Now that Andy Krull from Mother Jones has let the cat out of the bag about the supposedly “grassroots” Tea Party group FreedomWorks’ true nature as a front for the Koch Brothers and other rich people, disaffected former chairman, Dick Armey, is ready to spill the beans. To further provoke FreedomWorks’ President Matt Kibbe — his ex-rival and non-victim of his failed coup d’état — Tricky Dick Armey dished the dirt to Joe Strupp and the über-liberal publication, Media Matters. Apparently, a $1 million bribe is enough to get a “pundit for the people” like Glenn Beck to say nice things about you, but $8 million isn’t enough to get a duplicitous back-stabber like Dick Armey to shut up. (AI readers may recall that Armey jumped ship from FreedomWorks with an $8 million golden parachute).
In his accessible, incisive, and humorous videocast, Cenk Uygur from The Young Turks highlights a few of Armey’s damaging facts, (which are backed up by the internal documents leaked to Mother Jones):
- FreedomWorks had a line-item in their budget for “embedded media programs” — or, bribing right-wing radio pundits like Glenn Beck and Rush Limbaugh with large amounts of money to give them good publicity and to defend the interests of their deep-pocketed donors.
- FreedomWorks paid Glenn Beck over $1 million (actually $726,060 in 2011 and $859,099 in 2012, according to Strupp’s report) explaining that “The arrangement was simply [that] FreedomWorks paid Glenn Beck money and Glenn Beck said nice things about FreedomWorks on the air.” (Poor Rush Limbaugh, he “only” got $433,484)
- Armey elaborated, “I saw that a million dollars went to Beck this past year, that was the annual expenditure,” and also told Strupp that “I put it down as basically paid advertising for FreedomWorks by Beck.” Apparently, Armey also said it was a big mistake.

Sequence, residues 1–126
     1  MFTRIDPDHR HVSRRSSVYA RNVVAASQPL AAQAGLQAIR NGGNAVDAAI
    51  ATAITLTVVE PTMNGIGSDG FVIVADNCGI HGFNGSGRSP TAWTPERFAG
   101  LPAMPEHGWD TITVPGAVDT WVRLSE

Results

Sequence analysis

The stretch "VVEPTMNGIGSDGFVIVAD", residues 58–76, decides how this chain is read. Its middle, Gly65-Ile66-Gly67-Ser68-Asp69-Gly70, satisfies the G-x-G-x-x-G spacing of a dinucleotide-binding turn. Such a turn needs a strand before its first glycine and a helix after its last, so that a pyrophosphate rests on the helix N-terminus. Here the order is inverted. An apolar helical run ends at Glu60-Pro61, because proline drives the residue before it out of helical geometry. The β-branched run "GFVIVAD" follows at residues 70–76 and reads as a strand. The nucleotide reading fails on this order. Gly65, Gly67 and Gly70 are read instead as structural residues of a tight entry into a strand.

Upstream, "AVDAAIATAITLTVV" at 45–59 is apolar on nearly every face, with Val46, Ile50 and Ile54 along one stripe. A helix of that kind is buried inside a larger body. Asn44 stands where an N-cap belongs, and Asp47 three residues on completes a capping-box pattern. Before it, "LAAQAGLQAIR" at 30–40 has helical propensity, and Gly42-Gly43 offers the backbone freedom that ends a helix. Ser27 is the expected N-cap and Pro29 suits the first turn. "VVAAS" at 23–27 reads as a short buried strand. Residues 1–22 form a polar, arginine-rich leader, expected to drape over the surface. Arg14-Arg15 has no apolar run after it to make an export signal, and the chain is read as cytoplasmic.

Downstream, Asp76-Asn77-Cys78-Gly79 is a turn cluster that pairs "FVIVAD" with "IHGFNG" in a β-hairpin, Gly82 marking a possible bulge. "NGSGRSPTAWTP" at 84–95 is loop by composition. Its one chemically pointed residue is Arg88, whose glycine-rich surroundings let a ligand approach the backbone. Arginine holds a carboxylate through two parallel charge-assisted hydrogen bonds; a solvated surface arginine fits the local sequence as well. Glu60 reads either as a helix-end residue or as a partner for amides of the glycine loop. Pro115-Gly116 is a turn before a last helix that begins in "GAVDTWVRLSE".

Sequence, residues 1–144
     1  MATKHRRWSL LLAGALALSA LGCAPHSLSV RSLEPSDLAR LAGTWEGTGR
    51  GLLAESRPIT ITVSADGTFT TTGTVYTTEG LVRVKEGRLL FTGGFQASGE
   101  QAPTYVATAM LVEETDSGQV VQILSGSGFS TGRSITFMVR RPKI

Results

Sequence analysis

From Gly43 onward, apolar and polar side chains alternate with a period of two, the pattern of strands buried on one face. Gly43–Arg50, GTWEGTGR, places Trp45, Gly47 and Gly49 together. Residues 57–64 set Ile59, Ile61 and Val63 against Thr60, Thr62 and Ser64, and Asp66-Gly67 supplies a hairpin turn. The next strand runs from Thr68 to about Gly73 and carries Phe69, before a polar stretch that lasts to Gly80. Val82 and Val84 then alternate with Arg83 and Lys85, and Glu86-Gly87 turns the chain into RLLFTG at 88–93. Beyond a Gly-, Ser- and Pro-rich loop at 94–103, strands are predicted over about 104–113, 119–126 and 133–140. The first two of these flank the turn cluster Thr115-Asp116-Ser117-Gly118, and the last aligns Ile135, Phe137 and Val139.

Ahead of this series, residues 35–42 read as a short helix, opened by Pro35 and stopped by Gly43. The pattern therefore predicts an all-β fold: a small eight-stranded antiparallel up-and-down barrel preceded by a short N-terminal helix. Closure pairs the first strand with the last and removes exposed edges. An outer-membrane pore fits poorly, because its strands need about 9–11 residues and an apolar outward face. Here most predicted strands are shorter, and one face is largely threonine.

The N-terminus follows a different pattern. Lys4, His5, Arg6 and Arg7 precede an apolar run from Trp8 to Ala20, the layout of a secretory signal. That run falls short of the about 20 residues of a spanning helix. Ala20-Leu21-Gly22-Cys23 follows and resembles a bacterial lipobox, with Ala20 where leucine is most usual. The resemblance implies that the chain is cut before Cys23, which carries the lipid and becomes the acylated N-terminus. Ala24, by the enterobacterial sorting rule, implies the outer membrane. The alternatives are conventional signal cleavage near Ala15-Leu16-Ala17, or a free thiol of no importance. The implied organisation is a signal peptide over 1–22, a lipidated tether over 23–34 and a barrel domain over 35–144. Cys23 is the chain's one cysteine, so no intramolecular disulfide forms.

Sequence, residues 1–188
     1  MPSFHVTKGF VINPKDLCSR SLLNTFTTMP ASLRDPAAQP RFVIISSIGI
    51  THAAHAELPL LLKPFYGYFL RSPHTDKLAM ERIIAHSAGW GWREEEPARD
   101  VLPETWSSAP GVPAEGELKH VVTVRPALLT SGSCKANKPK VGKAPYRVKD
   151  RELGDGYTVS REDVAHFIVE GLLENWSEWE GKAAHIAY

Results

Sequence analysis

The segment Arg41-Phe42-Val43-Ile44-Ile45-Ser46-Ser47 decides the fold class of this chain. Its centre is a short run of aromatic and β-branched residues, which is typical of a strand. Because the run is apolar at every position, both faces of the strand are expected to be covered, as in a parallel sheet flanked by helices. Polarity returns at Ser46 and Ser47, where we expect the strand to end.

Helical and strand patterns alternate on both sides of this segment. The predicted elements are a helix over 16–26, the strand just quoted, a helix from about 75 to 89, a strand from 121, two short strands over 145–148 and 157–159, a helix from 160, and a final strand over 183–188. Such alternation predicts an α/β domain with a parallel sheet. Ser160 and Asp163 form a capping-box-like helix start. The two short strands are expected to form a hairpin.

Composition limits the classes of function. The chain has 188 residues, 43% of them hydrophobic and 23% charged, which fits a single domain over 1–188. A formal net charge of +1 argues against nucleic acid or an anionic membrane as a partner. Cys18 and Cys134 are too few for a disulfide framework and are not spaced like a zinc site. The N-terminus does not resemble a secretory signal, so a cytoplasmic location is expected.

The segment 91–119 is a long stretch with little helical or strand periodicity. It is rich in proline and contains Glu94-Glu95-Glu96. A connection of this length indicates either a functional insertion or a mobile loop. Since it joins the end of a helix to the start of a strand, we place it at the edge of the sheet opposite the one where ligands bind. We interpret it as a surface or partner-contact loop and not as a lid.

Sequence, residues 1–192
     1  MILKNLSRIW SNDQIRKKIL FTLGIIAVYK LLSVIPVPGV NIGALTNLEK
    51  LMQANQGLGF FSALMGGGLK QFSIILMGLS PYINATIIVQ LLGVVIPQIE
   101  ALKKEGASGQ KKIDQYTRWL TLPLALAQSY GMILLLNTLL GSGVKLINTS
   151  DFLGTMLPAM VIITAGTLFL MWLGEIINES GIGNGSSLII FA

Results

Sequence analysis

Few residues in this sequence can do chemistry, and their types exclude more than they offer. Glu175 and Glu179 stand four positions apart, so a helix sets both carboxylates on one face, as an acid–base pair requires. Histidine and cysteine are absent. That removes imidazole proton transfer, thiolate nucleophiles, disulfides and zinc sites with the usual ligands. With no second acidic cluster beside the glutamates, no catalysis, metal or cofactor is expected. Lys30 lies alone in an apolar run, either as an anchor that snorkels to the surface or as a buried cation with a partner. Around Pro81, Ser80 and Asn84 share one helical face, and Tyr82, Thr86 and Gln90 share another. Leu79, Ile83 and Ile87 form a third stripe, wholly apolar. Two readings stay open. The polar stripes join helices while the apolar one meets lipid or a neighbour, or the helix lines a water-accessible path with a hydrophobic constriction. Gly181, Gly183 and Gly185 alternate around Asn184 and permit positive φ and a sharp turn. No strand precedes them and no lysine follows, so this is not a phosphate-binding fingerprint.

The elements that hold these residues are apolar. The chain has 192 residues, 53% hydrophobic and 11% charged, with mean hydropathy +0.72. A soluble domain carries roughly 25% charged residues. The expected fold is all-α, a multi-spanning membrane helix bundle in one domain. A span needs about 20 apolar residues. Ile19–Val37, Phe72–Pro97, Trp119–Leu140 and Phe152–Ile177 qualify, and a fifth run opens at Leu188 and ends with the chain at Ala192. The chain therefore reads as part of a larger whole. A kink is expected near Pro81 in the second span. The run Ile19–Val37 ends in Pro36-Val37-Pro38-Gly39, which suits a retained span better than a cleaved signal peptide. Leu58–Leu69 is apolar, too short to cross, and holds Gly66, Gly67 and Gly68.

- Uygur further explains, “But it’s not just the money they give them flat-out in cash … the organization plans to continue its financial support for Glenn Beck’s media enterprise, including sharing a TV studio with, and leasing office space to the Washington bureau of TheBlaze, Beck’s website and TV network.”
Uygur mentions how this recent news sheds light on what he and his fellow Young Turks newscasters had recently speculated about on-air:
“Where in the world is Glenn Beck getting all this money to run this giant network, when they can’t possibly be making that much money in ad sales or membership fees or anything like that?” After all, these guys know what it’s like to run an independent media network on a shoe string. “Turns out he’s getting it from these right wing donors, to do their bidding for them!” Uygur also marvels at how, “Everything they [conservative pundits] say about liberals [getting money from rich progressives like George Soros], THEY do themselves!”
And the plot sickens. According to Elspeth Reeve’s take on Armey’s revelations for The Atlantic Wire, FreedomWorks’ payouts to Beck and Limbaugh proved to be a lousy investment. Armey said that Beck’s “nice words” were originally “only” supposed to cost $250,000 per year, and that Beck’s and Limbaugh’s efforts accomplished little towards attracting activists and donations:
“If we were using those resources to recruit activists and inform activists and to encourage and enthuse activists, that’s one thing … If we are using these things to raise money; one, it’s a damned expensive way to raise money; and two, it makes raising money an end unto itself, not an instrumental activity to support the foundation work that our organization does …”
And, just as we’re sort of starting to maybe kind of LIKE Armey for his delectable acts of treachery, he makes a lame comparison between FreedomWorks’ financial practices and those of the U.S. Government:
“It is like federal budgeting… We count the receipts we get from people who have sent in money, and we, meaning they, I am not a part of it anymore, do not count what the funds that are laying out are. They don’t say, we paid Beck a million dollars and we had this program where we raised $300,000, you had a net cost of $600,000, or whatever the numbers are.”
To paraphrase AI Editor Wendy Gittleson’s warning about New Jersey Governor Chris Christie, Armey may have done some good, but let’s not invite him to the party.
Here’s Cenk Uygur’s video:
|Elisabeth Parker is a writer, Web designer, mom, political junkie, and dilettante. Come visit her at ElisabethParker.Com, “like” her on facebook, or follow her on Twitter. For more articles by Elisabeth, click here.|